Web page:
Fresh calls for London’s suburban rail services to come under TfL’s control
Fresh calls for the capital’s suburban rail services to be put under the control of Transport for London (TfL) have been resisted by the Government.
The London Assembly passed a motion for the change at a recent meeting, saying the move would “provide a truly integrated, reliable and affordable rail network for Londoners”.
But the Department for Transport (DfT) said that despite the wishes of a majority of Assembly Members (AMs) at City Hall, the idea was not under consideration.
The motion was put forward by Labour AM Elly Baker, who told the Assembly’s March 16 meeting: “The fragmented and broken structure of our railways is well overdue for change and I think this is something we can all agree on, even if our solutions sometimes may be different.”
She added that rail passengers were facing “cuts to services, less staff and no improvements to reliability, ticketing, or accessibility”.
In comments after the meeting, Ms Baker also referred to the “dangerous scenes recently witnessed at London Bridge station, with extreme overcrowding”.
Concerns have been sparked at the central London station in recent weeks, as hundreds of passengers have - twice in just over a month - been stranded on the station’s concourse during the evening rush hour.
The recent overcrowding has been variously blamed on timetable cuts, points failures and signalling issues, as well as a trespasser on the line in January. A petition calling for the suburban routes operated by Southeastern, which run trains out of London Bridge, to be transferred to TfL’s control, has received some 5,500 signatures.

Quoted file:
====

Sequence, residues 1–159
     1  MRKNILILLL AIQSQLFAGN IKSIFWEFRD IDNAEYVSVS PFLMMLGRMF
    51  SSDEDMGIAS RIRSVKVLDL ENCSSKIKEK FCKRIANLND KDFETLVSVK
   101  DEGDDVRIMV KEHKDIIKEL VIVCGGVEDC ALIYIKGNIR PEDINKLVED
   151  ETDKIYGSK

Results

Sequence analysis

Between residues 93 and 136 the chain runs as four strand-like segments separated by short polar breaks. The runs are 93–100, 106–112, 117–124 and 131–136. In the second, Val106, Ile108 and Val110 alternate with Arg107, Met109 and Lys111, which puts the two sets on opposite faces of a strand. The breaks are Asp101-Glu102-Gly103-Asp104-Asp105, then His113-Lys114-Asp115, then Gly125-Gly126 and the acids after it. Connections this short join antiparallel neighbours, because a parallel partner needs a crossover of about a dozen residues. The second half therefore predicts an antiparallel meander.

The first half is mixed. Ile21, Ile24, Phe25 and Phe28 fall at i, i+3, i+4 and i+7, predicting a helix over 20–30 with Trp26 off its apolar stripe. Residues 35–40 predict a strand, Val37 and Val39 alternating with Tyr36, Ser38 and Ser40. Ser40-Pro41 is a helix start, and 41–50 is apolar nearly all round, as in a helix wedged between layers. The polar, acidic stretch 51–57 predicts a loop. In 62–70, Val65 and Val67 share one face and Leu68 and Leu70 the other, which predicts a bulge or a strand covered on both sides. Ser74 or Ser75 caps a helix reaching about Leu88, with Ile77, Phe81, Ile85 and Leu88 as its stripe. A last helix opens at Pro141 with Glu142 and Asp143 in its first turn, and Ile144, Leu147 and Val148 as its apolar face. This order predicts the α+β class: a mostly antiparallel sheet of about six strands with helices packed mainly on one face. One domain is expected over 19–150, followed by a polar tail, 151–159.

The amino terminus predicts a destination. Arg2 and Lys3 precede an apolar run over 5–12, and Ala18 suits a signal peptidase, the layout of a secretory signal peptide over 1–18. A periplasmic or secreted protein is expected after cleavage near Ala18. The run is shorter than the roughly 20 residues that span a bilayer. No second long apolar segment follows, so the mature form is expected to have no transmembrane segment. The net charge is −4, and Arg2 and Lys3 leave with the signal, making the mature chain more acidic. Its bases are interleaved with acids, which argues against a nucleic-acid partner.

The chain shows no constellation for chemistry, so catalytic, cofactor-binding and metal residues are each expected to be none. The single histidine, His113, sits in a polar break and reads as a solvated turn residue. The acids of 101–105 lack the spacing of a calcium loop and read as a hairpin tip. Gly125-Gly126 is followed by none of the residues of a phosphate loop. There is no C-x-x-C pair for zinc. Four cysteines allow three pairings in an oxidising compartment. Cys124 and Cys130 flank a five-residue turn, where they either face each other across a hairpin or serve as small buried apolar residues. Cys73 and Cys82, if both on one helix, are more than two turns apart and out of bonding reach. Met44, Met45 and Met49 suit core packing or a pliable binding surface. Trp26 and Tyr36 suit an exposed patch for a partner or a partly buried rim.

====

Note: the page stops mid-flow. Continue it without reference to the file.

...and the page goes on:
Ms Baker’s motion received support from the Assembly’s Labour, Green and Lib Dem groups, with only the Conservative group voting against.
Tory AM Nick Rogers said: “Whilst there may be benefits to rail devolution, the Mayor’s stewardship of TfL has been so poor that no responsible government would consider devolving control of suburban rail whilst he is Mayor.”
Lib Dem AM Caroline Pidgeon pointed out that former Conservative Mayor Boris Johnson had been in favour of the policy and said it should not matter who the Mayor is in order to back the idea.
Labour AM Joanne McCartney said that one service run by Great Northern, which goes through her Enfield and Haringey constituency, had been reduced during the pandemic from three trains per hour to two. She said this was “not acceptable” and meant trains were prone to overcrowding.
A spokeswoman for Mayor Sadiq Khan said Mr Khan was already in favour of suburban rail being devolved: “The Mayor has been clear that TfL has a proven track record of making rail services better, more reliable and more affordable.
“Fares in London are 12 per cent cheaper than they would have been without the action taken by the Mayor to freeze fares for five years.
“The business case presented to the Government demonstrated that devolving responsibility for London rail services to TfL would lead to economic benefits for Londoners and better services for commuters, and both the Mayor and TfL will continue to call on the Government to devolve franchised services to TfL.”
But approached for comment, a DfT spokeswoman said the Government would not be following the Assembly and Mayor’s request.
She instead said: “The Department is committed to its strategic partnership with local authorities across the country, including TfL, to ensure suburban rail services are working at their best for passengers, supporting housing, economic growth and the environment.
“Our passenger-focused reforms will bring in improved services with a focus on getting trains running reliably and on time.”